Google and Oracle meet in copyright clash at Supreme Court

7 October 2020, 18:44

Android is used on the majority of smartphones worldwide
Mobile Phone Use. Picture: PA

The case relates to Google’s creation of the Android operating system.

US Supreme Court justices discussed restaurant menus, computer keyboards, songs and even the periodic table on Wednesday in trying to resolve a copyright dispute between tech giants Google and Oracle.

The justices were hearing arguments on Wednesday in a dispute that is worth billions and important to the future of software.

It was not clear how the justices would rule, but some of the justices seemed at least concerned about what a ruling for Oracle could mean.

The case before the justices has to do with Google’s creation of the Android operating system now used on the vast majority of smartphones worldwide.

Google says that to create Android, which was released in 2007, it wrote millions of lines of new computer code. But it also used 11,330 lines of code and an organisation that is part of Oracle’s Java platform.

The case will be hear by the US Supreme Court
The case is being be heard by the US Supreme Court (J Scott Applewhite/AP)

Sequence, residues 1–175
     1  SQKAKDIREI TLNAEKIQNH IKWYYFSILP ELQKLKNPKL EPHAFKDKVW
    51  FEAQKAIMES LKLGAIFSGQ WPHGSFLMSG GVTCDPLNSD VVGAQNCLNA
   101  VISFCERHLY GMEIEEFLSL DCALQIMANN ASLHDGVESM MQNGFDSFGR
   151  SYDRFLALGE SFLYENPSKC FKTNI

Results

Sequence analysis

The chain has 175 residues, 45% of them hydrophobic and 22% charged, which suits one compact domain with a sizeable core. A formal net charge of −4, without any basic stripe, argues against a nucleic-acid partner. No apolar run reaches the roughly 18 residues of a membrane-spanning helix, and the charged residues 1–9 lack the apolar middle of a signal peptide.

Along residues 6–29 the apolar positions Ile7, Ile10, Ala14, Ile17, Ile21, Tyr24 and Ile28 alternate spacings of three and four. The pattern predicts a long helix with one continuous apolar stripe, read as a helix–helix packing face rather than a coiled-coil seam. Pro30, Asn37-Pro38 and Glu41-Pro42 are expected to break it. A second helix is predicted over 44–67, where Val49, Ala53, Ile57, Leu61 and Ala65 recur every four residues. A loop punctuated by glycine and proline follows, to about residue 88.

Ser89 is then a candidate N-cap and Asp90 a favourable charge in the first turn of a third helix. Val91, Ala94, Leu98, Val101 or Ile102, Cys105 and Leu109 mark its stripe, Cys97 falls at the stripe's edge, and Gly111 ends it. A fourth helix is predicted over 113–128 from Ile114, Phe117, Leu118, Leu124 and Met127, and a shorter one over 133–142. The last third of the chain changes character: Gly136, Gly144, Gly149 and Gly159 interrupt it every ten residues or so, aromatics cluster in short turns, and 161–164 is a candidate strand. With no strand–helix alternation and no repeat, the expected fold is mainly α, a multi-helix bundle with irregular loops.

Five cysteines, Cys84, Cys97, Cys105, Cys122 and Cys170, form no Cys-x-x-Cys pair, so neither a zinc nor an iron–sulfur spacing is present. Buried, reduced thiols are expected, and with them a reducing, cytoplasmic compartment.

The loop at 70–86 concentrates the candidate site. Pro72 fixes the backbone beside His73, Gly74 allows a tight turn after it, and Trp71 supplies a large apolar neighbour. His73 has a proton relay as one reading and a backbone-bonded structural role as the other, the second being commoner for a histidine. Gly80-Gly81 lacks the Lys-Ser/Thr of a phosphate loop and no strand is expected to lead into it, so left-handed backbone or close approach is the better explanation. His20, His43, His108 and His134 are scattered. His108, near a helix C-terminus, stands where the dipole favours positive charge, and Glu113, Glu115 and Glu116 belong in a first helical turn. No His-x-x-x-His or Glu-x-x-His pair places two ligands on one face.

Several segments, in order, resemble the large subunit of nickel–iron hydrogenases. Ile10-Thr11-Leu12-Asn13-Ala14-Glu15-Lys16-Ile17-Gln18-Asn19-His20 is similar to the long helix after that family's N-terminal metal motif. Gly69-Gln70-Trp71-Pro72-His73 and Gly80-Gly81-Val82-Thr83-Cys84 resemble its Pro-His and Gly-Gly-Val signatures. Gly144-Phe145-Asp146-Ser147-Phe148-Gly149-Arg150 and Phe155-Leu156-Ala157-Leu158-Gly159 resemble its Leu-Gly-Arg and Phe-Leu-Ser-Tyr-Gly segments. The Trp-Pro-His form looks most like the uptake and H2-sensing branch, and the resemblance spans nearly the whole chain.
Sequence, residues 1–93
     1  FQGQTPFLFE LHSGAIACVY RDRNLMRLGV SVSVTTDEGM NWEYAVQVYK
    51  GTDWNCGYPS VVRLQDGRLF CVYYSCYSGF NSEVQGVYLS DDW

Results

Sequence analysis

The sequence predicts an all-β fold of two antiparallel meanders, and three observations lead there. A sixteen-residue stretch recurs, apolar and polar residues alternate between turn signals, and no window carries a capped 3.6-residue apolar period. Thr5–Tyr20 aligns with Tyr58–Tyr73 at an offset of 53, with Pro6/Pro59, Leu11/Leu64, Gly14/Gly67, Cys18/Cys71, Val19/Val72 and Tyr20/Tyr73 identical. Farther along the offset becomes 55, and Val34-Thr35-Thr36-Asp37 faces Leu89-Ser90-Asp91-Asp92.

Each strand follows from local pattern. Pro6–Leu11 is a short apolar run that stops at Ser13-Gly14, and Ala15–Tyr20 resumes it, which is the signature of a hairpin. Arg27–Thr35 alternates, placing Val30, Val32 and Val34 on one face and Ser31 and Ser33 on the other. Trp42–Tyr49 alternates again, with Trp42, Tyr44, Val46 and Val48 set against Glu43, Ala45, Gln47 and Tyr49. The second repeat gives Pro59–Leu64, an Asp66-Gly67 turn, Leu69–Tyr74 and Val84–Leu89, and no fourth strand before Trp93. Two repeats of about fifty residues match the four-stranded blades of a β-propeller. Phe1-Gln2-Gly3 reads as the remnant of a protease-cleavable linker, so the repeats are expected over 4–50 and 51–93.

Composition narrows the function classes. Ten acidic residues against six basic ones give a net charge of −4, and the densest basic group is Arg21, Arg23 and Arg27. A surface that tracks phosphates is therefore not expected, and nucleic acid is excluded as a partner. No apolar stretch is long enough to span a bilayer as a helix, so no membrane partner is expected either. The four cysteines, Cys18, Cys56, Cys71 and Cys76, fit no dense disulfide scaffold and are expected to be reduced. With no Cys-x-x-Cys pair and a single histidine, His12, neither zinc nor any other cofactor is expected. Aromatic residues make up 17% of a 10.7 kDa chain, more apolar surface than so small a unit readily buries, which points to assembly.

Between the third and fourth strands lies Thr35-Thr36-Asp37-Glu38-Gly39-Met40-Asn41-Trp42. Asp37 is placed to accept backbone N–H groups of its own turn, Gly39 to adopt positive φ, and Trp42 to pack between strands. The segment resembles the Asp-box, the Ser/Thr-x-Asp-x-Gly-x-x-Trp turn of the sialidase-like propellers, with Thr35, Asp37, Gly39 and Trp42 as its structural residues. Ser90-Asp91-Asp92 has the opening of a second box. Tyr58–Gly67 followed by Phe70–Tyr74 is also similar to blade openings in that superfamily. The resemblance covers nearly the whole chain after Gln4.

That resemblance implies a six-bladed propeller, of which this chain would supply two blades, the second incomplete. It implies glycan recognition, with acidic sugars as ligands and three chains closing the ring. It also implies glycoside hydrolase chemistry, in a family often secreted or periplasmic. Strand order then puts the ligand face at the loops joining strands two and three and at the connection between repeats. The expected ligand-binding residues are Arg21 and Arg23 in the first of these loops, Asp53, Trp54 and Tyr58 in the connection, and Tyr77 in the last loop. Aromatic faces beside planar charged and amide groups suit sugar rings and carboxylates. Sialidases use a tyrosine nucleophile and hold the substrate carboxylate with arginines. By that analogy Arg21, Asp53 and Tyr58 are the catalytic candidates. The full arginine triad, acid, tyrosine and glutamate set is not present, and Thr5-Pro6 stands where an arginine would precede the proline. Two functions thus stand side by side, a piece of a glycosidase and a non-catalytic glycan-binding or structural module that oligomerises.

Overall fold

Google has defended its actions, saying what it did is long-settled, common practice in the industry, a practice that has been good for technical progress.

But Oracle says Google “committed an egregious act of plagiarism” and sued, seeking more than eight billion dollars (£6.2 billion).

Chief Justice John Roberts expressed some scepticism, telling Oracle lawyer Joshua Rosenkranz to imagine opening a new restaurant and creating a menu.

“Of course you’re going to have, you know, appetisers first, then entrees and then desserts. Now you should not have to worry about whether that organisation is copyrighted,” Mr Roberts said.

The case has been going on for a decade.

Google won the first round when a trial court rejected Oracle’s copyright claim, but that ruling was overturned on appeal.

A jury then sided with Google, calling its copying “fair use,” but an appeals court disagreed.

Because of the death of Justice Ruth Bader Ginsburg, only eight justices are hearing the case, and they are doing so by phone because of the coronavirus pandemic.

The questions for the court are whether the 1976 Copyright Act protects what Google copied, and, even if it does, whether what Google did is still permitted.

By Press Association